Pence came away from the conversation believing that Trump had committed himself to firing Flynn; Priebus and McGahn were less sure—and were frustrated that the issue was not finally resolved, according to a person who has spoken directly to one of the participants. Multiple sources have told me that Priebus had often believed that Trump had made a final decision on an issue, only to learn that Trump had changed his mind later, and, on some occasions, changed his mind yet again. “Nothing is done until it can’t be undone,” Priebus once explained to a subordinate.
That same day, then aboard Air Force One on his way to Mar-a-Lago with Japanese Prime Minister Shinzo Abe, Trump was asked about the Post’s report and responded: “I don’t know about that. I haven’t seen it. What report is that? I haven’t seen that. I’ll look into that.” Trump’s statement, of course, was patently false.
That Friday evening, Pence, Priebus, McGahn, and other administration officials watched on television as Flynn accompanied Trump and Abe to Mar-a-Lago. Based on their conversation with Trump earlier, the vice president and the others believed that the president might ask for Flynn’s resignation. The TV images of Trump, Abe, and Flynn together seemingly appeared as a continuous loop on cable television from Mar-a-Lago and, in the words of one person close to one of the White House principals, were seen back in Washington as “a personal taunt” from the president.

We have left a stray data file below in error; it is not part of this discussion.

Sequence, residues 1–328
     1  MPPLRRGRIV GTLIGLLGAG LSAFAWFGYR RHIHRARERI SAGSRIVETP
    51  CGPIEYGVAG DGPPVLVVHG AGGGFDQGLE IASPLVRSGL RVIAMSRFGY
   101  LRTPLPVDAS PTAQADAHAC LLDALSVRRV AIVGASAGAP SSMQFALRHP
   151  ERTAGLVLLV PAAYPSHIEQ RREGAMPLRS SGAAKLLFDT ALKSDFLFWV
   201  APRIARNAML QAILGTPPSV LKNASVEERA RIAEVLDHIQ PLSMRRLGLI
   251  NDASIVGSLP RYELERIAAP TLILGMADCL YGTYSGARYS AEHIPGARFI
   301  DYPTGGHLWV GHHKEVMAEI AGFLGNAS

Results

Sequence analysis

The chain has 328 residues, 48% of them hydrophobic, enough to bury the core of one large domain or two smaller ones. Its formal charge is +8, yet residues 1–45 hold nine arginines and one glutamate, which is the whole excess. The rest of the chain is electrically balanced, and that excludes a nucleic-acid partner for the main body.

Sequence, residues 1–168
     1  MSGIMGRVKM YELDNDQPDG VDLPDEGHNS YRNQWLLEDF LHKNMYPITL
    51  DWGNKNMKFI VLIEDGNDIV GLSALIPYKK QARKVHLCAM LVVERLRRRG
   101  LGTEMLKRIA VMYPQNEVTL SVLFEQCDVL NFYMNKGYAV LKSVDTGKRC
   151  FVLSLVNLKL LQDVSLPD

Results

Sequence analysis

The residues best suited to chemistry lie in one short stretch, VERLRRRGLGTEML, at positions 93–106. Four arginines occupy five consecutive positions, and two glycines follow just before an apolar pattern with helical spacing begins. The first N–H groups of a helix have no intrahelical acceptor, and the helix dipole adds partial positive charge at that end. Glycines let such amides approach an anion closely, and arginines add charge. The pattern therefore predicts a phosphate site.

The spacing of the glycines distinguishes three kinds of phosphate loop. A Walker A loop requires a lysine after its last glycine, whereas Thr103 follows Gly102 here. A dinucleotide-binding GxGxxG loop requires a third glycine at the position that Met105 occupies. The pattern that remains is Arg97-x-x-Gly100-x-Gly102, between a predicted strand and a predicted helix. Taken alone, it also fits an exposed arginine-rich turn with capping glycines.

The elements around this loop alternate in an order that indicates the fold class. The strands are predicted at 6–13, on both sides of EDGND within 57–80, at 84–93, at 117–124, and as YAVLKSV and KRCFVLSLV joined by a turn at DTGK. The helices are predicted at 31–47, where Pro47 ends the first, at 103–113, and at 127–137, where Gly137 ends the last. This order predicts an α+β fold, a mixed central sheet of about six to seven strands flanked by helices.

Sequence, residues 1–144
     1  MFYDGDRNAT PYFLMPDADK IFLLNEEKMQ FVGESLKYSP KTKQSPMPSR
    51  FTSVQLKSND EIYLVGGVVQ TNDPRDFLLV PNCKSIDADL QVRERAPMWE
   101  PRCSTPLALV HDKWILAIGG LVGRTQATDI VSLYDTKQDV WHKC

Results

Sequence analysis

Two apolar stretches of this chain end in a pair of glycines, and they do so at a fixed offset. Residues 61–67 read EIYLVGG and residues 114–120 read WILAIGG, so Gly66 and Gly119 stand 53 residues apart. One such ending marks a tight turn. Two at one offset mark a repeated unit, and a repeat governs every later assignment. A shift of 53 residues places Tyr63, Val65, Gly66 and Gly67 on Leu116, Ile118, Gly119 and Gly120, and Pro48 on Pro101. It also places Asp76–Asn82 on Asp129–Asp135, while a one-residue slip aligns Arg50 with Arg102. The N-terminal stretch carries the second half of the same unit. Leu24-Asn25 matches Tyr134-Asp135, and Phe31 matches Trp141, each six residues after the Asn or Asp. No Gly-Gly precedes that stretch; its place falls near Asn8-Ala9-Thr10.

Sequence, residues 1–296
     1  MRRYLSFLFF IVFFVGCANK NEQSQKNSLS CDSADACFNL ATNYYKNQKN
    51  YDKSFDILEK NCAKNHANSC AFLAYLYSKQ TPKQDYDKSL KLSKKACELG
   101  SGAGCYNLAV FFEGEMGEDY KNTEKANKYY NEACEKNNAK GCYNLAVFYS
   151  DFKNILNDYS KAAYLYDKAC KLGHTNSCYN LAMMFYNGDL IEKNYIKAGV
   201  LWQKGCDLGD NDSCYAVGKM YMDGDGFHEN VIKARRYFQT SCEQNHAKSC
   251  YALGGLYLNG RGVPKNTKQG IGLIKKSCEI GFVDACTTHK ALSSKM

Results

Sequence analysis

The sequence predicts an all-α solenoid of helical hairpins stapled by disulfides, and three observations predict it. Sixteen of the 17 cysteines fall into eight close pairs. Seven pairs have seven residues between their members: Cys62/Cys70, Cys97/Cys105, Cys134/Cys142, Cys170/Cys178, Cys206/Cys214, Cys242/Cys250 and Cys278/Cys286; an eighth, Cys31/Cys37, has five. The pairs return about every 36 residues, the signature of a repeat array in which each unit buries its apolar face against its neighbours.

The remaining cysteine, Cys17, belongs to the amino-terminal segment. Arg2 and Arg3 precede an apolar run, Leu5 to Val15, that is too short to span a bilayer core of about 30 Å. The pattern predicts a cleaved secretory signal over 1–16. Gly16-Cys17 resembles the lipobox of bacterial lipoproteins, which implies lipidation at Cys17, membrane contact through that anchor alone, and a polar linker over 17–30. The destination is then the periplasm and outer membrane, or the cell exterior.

The following evening, Saturday February 11, the president and Abe had dinner on a terrace at Trump’s Mar-a-Largo Club, as other patrons gawked. In the middle of the dinner, someone in the president’s party opened up a laptop to view a test launch by North Korea of a ballistic missile that had just occurred. Trump, bizarrely, had turned his club into an impromptu situation room as he consulted with Abe and his own national security team regarding a response. Flynn stood directly behind Trump and Abe, whispering advice. It was clear that Flynn was very much still the national security adviser.